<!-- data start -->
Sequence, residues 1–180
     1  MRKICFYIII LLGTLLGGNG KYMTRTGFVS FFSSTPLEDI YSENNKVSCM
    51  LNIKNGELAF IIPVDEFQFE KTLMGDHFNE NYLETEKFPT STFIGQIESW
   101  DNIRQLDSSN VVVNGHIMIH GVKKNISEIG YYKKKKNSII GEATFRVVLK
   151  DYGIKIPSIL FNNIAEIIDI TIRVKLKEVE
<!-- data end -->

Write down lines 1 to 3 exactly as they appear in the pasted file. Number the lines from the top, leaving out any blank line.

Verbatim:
Sequence, residues 1–180
     1  MRKICFYIII LLGTLLGGNG KYMTRTGFVS FFSSTPLEDI YSENNKVSCM
    51  LNIKNGELAF IIPVDEFQFE KTLMGDHFNE NYLETEKFPT STFIGQIESW